Blog– IMPROVISATION William Price King on Tumblr – Buy William’s music: William Price King iTunes – FacebookWilliam Price King – Twitter@wpkofficial
Regular Venue – Cave Wilson


Thank you for dropping and as always William would love to receive your feedback… thanks Sally.

62 thoughts on “Smorgasbord Music Column 2022 – William Price King meets the Jazz Icons – Ella Fitzgerald Part Two – the 1940s -Oh Lady Be Good

  1. Hi William and Sally, a most interesting post. I didn’t know this about Marilyn Monroe and it is intriguing. Such a tragedy how her life turned out. Although, people who die young like her, James Dean and Princess Diana are immortalized in peoples mind the way there were at the time of their deaths. You don’t achieve that if you live a long life.

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  2. I came across this Marilyn story about a year ago and was stunned by it. It’s become the thing that represents her most when I think of her now, replacing my earlier view of her as simply a talented and troubled performer. Some beautiful tracks here. Many thanks! xx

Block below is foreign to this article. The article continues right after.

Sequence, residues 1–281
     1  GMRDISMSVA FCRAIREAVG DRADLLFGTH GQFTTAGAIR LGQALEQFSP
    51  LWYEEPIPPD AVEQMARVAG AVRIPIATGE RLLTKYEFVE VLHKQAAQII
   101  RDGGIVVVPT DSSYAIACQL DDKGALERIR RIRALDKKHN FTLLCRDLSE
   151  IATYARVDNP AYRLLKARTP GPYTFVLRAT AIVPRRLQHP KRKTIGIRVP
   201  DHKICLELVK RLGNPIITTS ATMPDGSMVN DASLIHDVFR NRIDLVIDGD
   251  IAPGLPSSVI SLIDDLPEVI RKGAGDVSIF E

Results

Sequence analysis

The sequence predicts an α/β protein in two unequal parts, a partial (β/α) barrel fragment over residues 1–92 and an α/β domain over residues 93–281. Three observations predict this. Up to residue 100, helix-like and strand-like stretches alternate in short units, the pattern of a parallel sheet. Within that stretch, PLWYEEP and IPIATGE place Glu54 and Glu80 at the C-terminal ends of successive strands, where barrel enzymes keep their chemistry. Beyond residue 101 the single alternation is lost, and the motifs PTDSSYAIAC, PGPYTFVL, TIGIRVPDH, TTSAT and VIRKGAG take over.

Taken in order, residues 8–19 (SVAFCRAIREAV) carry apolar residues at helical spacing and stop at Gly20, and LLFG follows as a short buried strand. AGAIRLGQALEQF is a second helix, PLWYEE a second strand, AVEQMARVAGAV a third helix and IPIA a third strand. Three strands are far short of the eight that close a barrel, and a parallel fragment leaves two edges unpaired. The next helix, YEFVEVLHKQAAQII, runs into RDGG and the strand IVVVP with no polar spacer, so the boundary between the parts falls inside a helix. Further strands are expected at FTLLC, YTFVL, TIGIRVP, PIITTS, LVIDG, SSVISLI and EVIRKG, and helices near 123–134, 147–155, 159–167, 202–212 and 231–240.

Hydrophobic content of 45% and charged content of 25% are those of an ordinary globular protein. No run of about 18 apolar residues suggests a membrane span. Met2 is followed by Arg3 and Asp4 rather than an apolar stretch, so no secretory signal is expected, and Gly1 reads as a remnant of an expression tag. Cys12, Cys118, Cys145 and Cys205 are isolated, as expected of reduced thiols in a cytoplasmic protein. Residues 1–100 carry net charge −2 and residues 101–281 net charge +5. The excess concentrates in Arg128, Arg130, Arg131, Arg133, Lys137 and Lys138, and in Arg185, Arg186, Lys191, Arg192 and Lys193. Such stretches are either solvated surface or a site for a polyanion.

Liked by 1 person

  3. Ella Fitzgerald was such a powerhouse singer! I love seeing her featured here. What an amazing career she had during a time when women, especially black women, were discounted. Thank you both for sharing!

    Liked by 1 person

  4. Really interesting! My folks had that Ink Spot album so I am familiar with it, but I never know about the Marilyn Monroe connection. There was a lot more to that woman than people suspected! Great post!

    Liked by 1 person

  5. Oh my gosh! The awesome Ella. Grew up with her records and loved her. The Ink Spots – another great musical memory from childhood. An aunt loved them and used to play their records all the time. Charlie Parker, Marilyn etc…Dizzy. Oh such fab memories. I thought Marilyn was fab, favourite movies include Some Like it Hot. THANKS for the memories both. Awesome.

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  6. Thank you, William and Sally. This opened my eyes even more to one of my favorite singers. Ella was an extraordinary woman. 💗

    Liked by 1 person

  7. Pingback: Smorgasbord Blog Magazine Weekly Round Up -April 18th – 24th 2022 – #Contributors, Hits 1993, Podcast, Stories, Poetry, Book Reviews, health and Humour | Smorgasbord Blog Magazine